A number of cholesteryl esters increased significantly in the heart of the animals on a high-fat diet (Figure 6). Most important observations of this study was that in the high-fat diet induced IR mouse model a 20:3 cholesteryl-ester (20:3- ChE) rose significantly in heart muscle with +1317% (P≤ in the high-fat diet exposed group (in comparison with the Control group) and in blood plasma with +1013% (P ≤ 0.000001) (Figure 7) [29,30].


Figure 6: Search for biomarkers in the phosphatidylcholine fraction.


Figure 7: Search for biomarkers in the lysophosphatidyl choline fraction.

TGs are not interesting biomarkers because they are determined in great extent by the food.


Metabolomics provides a direct functional read-out of the physiological status of an organism and is in principle ideally suited to describe someone’s health status [31]. A demand for a biomarker of the lipid fraction is that homeostatic conditions are needed for the biomarker to reflect accurately long-term intake and not to be biased by lipolysis [11]. Fatty acids can be measured as free fatty acids in serum, components of circulating triacylglycerols, components of erythrocyte membranes, phospholipids or cholesterol esters, or adipose tissue from various sites. In this respect molecular mediators in blood plasma [12] are important to study because they can serve as biomarkers to trace people vulnerable and susceptible for metabolic diseases like Obesity and/or IR/T2DM. Recent technological advances in Metabolomics [13,14,25] and Lipidomics [15] can potentially make a real contribution in increasing efficacy of drug development pipelines (Figure 8) [6].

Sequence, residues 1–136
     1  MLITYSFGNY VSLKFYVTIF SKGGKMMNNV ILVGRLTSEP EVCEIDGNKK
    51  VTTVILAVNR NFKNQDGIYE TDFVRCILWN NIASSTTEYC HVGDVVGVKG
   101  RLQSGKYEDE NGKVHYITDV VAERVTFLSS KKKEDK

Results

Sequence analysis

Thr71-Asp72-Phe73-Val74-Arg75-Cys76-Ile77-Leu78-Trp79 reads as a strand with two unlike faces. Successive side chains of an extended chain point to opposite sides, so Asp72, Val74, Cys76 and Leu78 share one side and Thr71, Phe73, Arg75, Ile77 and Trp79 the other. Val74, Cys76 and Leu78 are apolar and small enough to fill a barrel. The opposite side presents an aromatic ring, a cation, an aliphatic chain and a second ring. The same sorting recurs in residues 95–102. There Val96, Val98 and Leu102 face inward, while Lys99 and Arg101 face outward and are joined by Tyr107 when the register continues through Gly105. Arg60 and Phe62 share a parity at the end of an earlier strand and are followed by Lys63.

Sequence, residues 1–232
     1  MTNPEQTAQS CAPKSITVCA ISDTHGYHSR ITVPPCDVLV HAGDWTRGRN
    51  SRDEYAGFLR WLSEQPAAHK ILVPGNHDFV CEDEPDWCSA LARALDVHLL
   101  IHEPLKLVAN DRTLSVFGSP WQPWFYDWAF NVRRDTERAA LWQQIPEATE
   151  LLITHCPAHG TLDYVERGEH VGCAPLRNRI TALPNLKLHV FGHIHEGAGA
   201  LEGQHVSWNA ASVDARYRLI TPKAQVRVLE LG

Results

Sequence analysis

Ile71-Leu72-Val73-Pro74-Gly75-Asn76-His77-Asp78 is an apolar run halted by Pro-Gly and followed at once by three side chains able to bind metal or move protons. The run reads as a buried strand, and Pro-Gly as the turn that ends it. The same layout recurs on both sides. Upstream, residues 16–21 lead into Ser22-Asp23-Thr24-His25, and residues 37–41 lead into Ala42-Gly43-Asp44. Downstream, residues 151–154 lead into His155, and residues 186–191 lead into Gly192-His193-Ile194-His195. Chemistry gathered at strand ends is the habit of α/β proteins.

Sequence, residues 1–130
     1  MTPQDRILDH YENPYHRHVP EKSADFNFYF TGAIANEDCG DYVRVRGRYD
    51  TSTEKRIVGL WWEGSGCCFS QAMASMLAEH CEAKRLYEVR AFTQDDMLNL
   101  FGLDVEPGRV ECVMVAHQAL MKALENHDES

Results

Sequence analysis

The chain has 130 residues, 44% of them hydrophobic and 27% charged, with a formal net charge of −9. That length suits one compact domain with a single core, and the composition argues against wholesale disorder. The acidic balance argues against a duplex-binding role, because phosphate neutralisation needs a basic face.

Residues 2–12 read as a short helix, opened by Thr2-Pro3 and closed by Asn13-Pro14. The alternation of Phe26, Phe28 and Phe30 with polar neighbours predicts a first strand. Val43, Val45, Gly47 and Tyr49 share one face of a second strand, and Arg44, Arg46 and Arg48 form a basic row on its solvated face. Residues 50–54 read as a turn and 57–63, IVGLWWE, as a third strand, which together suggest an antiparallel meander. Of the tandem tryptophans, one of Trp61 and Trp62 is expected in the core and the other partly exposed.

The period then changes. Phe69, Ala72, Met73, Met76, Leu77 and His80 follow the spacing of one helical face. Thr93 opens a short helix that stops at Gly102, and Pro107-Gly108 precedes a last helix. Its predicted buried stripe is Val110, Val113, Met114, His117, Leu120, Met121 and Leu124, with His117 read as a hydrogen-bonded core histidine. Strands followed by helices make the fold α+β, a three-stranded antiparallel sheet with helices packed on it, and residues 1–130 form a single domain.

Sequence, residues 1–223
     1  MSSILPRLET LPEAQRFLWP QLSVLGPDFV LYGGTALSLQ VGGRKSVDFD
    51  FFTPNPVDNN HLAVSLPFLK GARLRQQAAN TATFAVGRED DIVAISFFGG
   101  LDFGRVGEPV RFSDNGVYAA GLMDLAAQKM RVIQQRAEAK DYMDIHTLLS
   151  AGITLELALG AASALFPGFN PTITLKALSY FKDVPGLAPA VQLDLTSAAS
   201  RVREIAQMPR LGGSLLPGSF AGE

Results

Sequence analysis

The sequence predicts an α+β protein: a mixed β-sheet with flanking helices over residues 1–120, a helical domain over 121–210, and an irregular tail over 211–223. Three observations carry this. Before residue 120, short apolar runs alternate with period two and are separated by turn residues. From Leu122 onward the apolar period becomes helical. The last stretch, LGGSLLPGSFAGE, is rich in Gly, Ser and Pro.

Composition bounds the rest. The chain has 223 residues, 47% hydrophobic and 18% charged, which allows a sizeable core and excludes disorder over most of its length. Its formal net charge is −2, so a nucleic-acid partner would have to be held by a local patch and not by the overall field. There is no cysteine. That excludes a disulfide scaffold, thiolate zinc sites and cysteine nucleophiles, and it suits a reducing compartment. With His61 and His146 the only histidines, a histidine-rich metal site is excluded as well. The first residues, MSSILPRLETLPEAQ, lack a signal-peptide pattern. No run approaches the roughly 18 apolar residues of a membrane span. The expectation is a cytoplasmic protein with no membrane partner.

Figure 8: Search for biomarkers in the sphingomyelin fraction.

Recently we succeeded to find in a C57bl6 mouse modelusing similar LCMS techniques using a lipidomics based approach-in liver homogenates of the 24 h starvation group a 49:4-TG with an odd number of C atoms appeared which was not present in the control group [19]. Odd triacylglycerols are rare and can possibly be used as biomarkers in case of starvation for “functional foods” [9] or in case of starvation [19].

In contrast in this research manuscript with a C57Bl6 highfat diet obese induced mouse model we found two potential biomarkers of two different lipid fractions for type 2 diabetes (T2DM): a 20:3 cholesteryl ester (ChE) and a 36:1 Phosphatidylcholine (PC) in hearth muscle [21]. Interestingly the 20:3 ChE biomarker has also been found and classified as a potential T2DM biomarker in a human cohort of the Uppsala longitudinal study of adult men (ULSAM). This is a cohort which includes 2,322 50-year old mean who have been followed for 35 years with detailed measurements every 10 years and classified as dihomo-γ-linolenic (20:3 n-6) [32]. With respect to this 20:3 ChE one of the most interesting yet controversial dietary approaches has been the possible prophylactic role of dietary γ-linolenic acid (GLA) in treating various chronic disease states. This strategy is based on the ability of diet to modify cellular lipid composition and eicosanoid (cyclooxygenase and lipoxygenase) biosynthesis (Figure 9). Recent studies demonstrate that dietary GLA increases the content of its elongase product, dihomo-γ- linolenic acid (DGLA), within cell membranes without concomitant changes in arachidonic acid (AA). Subsequently, upon stimulation, DGLA can be converted by inflammatory cells to 15-(S)-hydroxy-8,11,13-eicosatrienoic acid and prostaglandin E1 (Figure 10).


Figure 9: Search for biomarkers in the cholesteryl fraction.


Figure 10: Search for biomarkers in the triacylglycerol fraction.